CAS  PubMed  PubMed Central  Article  Google Scholar 

  33. Parelho, V. et al. Cohesins functionally associate with CTCF on mammalian chromosome arms. Cell 132, 422–433 (2008).

    CAS  PubMed  Article  Google Scholar 

  34. Wendt, K. S. & Peters, J. M. How cohesin and CTCF cooperate in regulating gene expression. Chromosome Res. 17, 201–214 (2009).

    CAS  PubMed  Article  Google Scholar 

  35. Bronner, C., Alhosin, M., Hamiche, A. & Mousli, M. Coordinated dialogue between UHRF1 and DNMT1 to ensure faithful inheritance of methylated DNA patterns. Genes 10, 65 (2019).

  36. Han, M. et al. A role for LSH in facilitating DNA methylation by DNMT1 through enhancing UHRF1 chromatin association. Nucleic Acids Res. 48, 12116–12134 (2020).

    CAS  PubMed  PubMed Central  Article  Google Scholar 

  37. Petracovici, A. & Bonasio, R. Distinct PRC2 subunits regulate maintenance and establishment of Polycomb repression during differentiation. Mol. Cell 81, 2625–2639 (2021).

    CAS  PubMed  Article  Google Scholar 

  38. Haring, J. S., Badovinac, V. P. & Harty, J. T. Inflaming the CD8+ T cell response. Immunity 25, 19–29 (2006).

    CAS  PubMed  Article  Google Scholar 

  39. Prlic, M. & Bevan, M. J. Exploring regulatory mechanisms of CD8+ T cell contraction. Proc. Natl Acad. Sci. USA 105, 16689–16694 (2008).

    CAS  PubMed  PubMed Central  Article  Google Scholar 

  40. Martin, M. D. & Badovinac, V. P. Antigen-dependent and -independent contributions to primary memory CD8+ T cell activation and protection following infection. Sci. Rep. 5, 18022 (2015).

  41. Sakaguchi, S., Vignali, D. A., Rudensky, A. Y., Niec, R. E. & Waldmann, H. The plasticity and stability of regulatory T cells. Nat. Rev. Immunol. 13, 461–467 (2013).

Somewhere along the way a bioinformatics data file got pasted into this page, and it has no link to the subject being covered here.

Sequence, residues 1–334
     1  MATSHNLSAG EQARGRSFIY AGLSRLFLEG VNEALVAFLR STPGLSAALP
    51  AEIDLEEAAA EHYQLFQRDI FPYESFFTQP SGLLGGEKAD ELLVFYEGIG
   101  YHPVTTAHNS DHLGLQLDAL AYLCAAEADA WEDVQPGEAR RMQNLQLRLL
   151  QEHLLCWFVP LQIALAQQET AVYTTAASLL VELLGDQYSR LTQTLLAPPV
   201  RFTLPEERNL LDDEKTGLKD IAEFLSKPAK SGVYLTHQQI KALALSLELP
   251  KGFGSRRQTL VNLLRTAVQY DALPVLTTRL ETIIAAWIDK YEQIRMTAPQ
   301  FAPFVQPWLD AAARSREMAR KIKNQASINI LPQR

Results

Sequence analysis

CAS  PubMed  Article  Google Scholar 

  42. Geginat, J. et al. Plasticity of human CD4+ T cell subsets. Front. Immunol. 5, 630 (2014).

    PubMed  PubMed Central  Article  CAS  Google Scholar 

  43. Wan, Y. Y. & Flavell, R. A. Regulatory T cell functions are subverted and converted owing to attenuated Foxp3 expression. Nature 445, 766–770 (2007).

    CAS  PubMed  Article  Google Scholar 

  44. Dobin, A. et al. STAR: ultrafast universal RNA-seq aligner. Bioinformatics 29, 15–21 (2013).

    CAS  PubMed  Article  Google Scholar 

  45. Liao, Y., Smyth, G. K. & Shi, W. featureCounts: an efficient general purpose program for assigning sequence reads to genomic features. Bioinformatics 30, 923–930 (2014).

    CAS  PubMed  Article  Google Scholar 

  46. Love, M. I., Huber, W. & Anders, S. Moderated estimation of fold change and dispersion for RNA-seq data with DESeq2. Genome Biol. 15, 550 (2014).

    PubMed  PubMed Central  Article  CAS  Google Scholar 

  47. Buenrostro, J. D., Wu, B., Chang, H. Y. & Greenleaf, W. J. ATAC–seq: a method for assaying chromatin accessibility genome wide. Curr. Protoc. Mol. Biol. 109, 21.29.1–21.29.9 (2015).

    Article  Google Scholar 

  48. Buenrostro, J. D., Giresi, P. G., Zaba, L. C., Chang, H. Y. & Greenleaf, W. J. Transposition of native chromatin for fast and sensitive epigenomic profiling of open chromatin, DNA-binding proteins and nucleosome position. Nat. Methods 10, 1213–1218 (2013).